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In FlashPrint there is an Extrusion Ratio setting. It's set to 97 % for the stock PLA profile and 107 % for the stock PETG profile.

I would've thought these would be 100 % by default (and the same for all materials). Why is it that these defaults make sense and they differ? Why would you need to push more PETG for the same print than PLA if they're the same diameter filament?

FlashPrint Extrusion Ratio setting

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  • $\begingroup$ I think that it may be a better resource to ask this question generally, ie "Why would you use different extrusion ratios for different materials" rather than being slicer-specific $\endgroup$
    – craftxbox
    Aug 16 at 12:35
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    $\begingroup$ @craftxbox perhaps, but as far as I can tell this might be specific to FlashPrint. I can't find any other recommentations for doing this (eg. help.prusa3d.com/en/article/… says default to 1 for PLA and PETG). $\endgroup$ Aug 16 at 12:37
  • $\begingroup$ Yes, it's true that most other slicers don't configure this setting, Flashprint is unique here, I just mean that it may be better to phrase it in such a way that it comes like "Why would I change it for myself?" instead of "Why does this software do it differently?" $\endgroup$
    – craftxbox
    Aug 16 at 12:39
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    $\begingroup$ @craftxbox I understand why I might change it myself, but I'm specifically interested in why FlashPrint has these defaults. How did they pick them? Doesn't a value < 100% suggest there will be less material than required? And why would pushing 5mm at the extruder result in something other than 5mm x diameter out the nozzle? Does it expect to slip? What's different about this slicer/printer to others? $\endgroup$ Aug 16 at 12:44
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    $\begingroup$ @craftxbox but if you push 5mm and the diameter of the roll is consistent and there's no slipping (and the filament has no air in it?), the amount of plastic coming out of the nozzle should be known exactly too. It feels to me like this adjustment is more likely to differ based on the brand/accuracy of a roll rather than the type of filament? 🤔 $\endgroup$ Aug 16 at 12:55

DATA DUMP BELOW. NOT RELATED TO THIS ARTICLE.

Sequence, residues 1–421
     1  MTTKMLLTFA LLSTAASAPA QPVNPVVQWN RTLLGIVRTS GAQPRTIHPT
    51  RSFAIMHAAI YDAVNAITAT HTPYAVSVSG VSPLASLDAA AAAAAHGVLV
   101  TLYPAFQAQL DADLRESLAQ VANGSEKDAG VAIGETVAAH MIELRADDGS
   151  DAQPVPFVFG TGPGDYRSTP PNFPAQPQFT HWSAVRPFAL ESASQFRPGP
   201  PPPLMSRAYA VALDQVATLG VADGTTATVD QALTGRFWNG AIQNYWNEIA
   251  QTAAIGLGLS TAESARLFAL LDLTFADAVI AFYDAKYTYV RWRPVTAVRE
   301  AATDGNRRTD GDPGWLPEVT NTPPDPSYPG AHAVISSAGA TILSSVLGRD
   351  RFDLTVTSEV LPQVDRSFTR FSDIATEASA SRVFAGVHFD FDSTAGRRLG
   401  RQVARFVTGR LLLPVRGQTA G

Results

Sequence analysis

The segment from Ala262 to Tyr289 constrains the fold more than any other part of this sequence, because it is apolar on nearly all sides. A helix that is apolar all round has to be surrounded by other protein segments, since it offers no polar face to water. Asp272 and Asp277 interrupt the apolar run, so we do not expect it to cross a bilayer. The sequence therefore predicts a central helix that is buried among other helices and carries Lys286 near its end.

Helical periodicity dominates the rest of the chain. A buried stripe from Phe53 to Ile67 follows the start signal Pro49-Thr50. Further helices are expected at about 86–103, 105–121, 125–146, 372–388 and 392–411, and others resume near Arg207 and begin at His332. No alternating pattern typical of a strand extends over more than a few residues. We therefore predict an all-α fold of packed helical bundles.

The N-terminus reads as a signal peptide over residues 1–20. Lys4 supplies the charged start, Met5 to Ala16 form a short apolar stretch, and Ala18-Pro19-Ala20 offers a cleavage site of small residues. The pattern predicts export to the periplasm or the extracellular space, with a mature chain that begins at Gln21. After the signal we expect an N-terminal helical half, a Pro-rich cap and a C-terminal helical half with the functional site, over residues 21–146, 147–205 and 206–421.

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If your extruder uses spring tension to hold the filament against the hob, the effective diameter of the filament at the point the hob contacts, which determines the amount moved, is a function of the compressibility of the material. Thus, it makes sense to use a higher flow ratio for more compressible filaments. However, this is very much a matter of what type of extruder your machine has, and doesn't apply if you have a tension arm holding the idler bearing at fixed distance from the hob.

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  • $\begingroup$ Ah, interesting! It's a Flashforge Creator 3 - I can't actually find the answer to this (it hasn't arrived yet). Although for PLA the value is set to 97% which still seems strange, since surely this explanation would only result in less filament being pushed and never more? $\endgroup$ Aug 17 at 8:00
  • $\begingroup$ Maybe it's assuming the 100% point is set based on slightly more compression? I don't know. Or it could all just be magical fairy dust. The idea of using a different extrusion ratio for the first layer certainly is; there's no physical justification for doing that, and it's just a compensation for having your bed height wrong, but that's not material-specific. $\endgroup$ Aug 17 at 16:13
  • $\begingroup$ It seems weird to pick based on some compression though.. To me it'd make more sense to assume none (or at least, the lease compressable material) than some abitrary point higher. It's almost like software is making up for something being wrong in the hardware 😁 I think I agree about the first layer - it shouldn't be needed, but since it's very hard to get things perfect (esp. as it seems the levelling only advises to move in 45 degree increments), a slight overextrusion in the first layer might be prefereable to it being much harder to get the print to stick :-) $\endgroup$ Aug 17 at 17:46
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I may be entirely out of my league here, But I think it's related to Viscosity, or how thin or thick the fluid plastic is while hot and Temperature Expansion, how much larger in volume the fluid plastic will be hot compared to cold.

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    $\begingroup$ I wondered that too, but I couldn't find anything online about this. For example this Prusa help page says "Basic materials (PLA, ABS, PETG) Extrusion Multiplier = 1" and "This calibration is not necessary with Prusament". I've also never modified this on my previous printer for PLA, so not sure why even PLA is 97% here. $\endgroup$ Aug 16 at 12:35

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